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    His major would have no bearing on his MOS as a Marine. But it could dictate his follow on assignments and some secondary MOSs. I have plenty of friends who went infantry or even logistics. They then went to Naval Post Graduate School (NPS) for an MS in systems engineering. They then owe a pay back tour and often will find themselves as project officers, test leads or other engineering like roles for the USMC at either the Pentagon, Quantico (Marine Corps Systems Command is here among a few other spots they can go) or MCTSSA in San Diego. Some Marines either get out after this tour, go back to the fleet or apply to become an acquisition officer. This additional MOS is similiar to the USN’s EDO role and they would remain in this community instead of going back to the fleet. Some end up loving this work and others want to go back to the fleet. The DC area is desirable for some and others not so much. Many if my friends as seneuor Capt’s or Majors pursues this path as it really sets them up for retirement.
     
    Last edited: Feb 25, 2018
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  6. falconchic88

    falconchic88 10-Year Member

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    My daughter was an OE major and is currently serving in the Navy as a Civil Engineer Corps Officer, this is considered a restricted line officer position. To clarify, she is not color blind, so I can't speak to that.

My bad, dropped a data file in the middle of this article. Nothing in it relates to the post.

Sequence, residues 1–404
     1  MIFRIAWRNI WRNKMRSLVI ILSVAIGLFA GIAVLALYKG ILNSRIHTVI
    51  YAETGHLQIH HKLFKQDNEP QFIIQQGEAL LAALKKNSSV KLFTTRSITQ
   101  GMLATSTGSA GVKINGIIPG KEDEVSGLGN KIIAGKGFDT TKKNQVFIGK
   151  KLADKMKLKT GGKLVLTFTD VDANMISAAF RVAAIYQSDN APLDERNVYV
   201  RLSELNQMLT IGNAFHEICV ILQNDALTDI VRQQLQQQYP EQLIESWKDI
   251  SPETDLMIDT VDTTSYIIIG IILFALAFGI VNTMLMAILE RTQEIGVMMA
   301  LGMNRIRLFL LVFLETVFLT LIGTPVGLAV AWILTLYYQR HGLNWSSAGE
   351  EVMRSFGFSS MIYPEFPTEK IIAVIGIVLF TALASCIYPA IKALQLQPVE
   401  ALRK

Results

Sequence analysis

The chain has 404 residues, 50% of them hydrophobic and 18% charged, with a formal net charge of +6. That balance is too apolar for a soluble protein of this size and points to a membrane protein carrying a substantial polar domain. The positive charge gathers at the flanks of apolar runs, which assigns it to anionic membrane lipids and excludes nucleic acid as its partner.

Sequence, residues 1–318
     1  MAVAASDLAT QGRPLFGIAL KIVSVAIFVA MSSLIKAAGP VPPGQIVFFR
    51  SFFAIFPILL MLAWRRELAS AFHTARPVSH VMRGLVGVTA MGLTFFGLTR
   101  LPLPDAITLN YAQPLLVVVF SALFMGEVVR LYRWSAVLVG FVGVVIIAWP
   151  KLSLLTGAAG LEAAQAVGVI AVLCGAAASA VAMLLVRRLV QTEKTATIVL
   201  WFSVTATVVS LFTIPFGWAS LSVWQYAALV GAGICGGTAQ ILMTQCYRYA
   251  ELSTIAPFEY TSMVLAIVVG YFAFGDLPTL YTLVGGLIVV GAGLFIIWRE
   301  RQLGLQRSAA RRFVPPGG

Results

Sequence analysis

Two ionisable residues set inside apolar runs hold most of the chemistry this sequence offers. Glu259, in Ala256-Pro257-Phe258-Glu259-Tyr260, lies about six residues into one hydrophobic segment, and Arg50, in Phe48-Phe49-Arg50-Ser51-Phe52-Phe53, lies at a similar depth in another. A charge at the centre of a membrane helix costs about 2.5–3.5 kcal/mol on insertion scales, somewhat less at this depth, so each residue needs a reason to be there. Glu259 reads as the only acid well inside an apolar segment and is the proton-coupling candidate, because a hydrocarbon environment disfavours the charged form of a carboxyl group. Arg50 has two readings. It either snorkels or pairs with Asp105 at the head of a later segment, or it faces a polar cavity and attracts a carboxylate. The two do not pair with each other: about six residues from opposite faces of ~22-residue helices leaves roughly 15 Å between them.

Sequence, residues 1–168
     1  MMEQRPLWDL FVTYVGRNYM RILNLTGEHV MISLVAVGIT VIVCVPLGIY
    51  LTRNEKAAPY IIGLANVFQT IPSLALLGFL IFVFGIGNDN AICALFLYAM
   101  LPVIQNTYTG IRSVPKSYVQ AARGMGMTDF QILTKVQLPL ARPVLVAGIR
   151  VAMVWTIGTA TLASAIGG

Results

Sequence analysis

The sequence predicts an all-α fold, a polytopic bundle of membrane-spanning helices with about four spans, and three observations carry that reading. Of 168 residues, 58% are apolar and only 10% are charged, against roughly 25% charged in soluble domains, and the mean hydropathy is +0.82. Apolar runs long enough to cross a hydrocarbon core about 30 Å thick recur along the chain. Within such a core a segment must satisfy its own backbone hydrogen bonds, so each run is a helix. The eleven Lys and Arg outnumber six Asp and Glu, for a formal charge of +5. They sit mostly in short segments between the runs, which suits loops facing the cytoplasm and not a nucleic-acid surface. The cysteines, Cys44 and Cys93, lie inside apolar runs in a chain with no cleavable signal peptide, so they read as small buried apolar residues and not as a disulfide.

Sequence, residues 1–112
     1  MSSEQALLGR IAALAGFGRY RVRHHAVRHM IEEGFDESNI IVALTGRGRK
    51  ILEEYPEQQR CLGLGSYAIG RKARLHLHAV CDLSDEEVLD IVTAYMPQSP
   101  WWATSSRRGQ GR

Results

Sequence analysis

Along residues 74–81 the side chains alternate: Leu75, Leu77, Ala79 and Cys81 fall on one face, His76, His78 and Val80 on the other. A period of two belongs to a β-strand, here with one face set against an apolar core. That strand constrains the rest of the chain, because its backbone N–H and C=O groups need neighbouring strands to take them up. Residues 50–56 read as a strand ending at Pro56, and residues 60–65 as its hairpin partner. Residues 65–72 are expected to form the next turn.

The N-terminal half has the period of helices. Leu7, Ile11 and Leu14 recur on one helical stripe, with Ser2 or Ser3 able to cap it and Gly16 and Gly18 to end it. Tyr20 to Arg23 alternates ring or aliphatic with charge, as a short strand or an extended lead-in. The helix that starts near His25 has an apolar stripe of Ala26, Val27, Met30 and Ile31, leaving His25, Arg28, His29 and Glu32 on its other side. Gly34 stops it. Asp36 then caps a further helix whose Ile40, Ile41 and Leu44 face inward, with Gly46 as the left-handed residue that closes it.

7. AF6872

    AF6872 10-Year Member

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    The MC doesn't care what your major was. Can you lead? DD has not spoken Chinese for seven years but has many assignments that have nothing to do with her USNA major.
     
  8. EngineerDad19

    EngineerDad19 Member

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    Can you help me or contact me with your son's criteria and how he received the waiver? I have a similar situation. My son received a Letter of Assurance that welcomed him to the class of 2024, only to then be declined a waiver for his poor color vision. I understand we can appeal and his B&G officer has asked for an example. Thanks
     
  9. Old Navy BGO

    Old Navy BGO 5-Year Member

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    I just posted an explanation of the Colorblind Waiver on another thread, but wanted to clear up a few misconceptions here:

    1) The LOA didn't admit to the Class of 2024, it is a Conditional Offer of Appointment, and the common condition is qualifying medically.
    Colorblind is a disqualifying condition.

    2) I am not aware of, and don't think there is, an appeal process for denial of color blind waiver. The Supe grants the waiver to a limited number of person(s) he thinks is most qualified among those candidates that are not medically qualified because of color blindness.
     
  10. EngineerDad19

    EngineerDad19 Member

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    Okay, this is helpful. Would this mean that the Superintendent is the only person who can grant a waiver?
    ... and correct, it did say it was upon medical qualification.
    This is tough because his B&G and other alumni had told him that he should easily get a waiver once he had a nom and an LOA.
    He was up front in his application about the color vision too.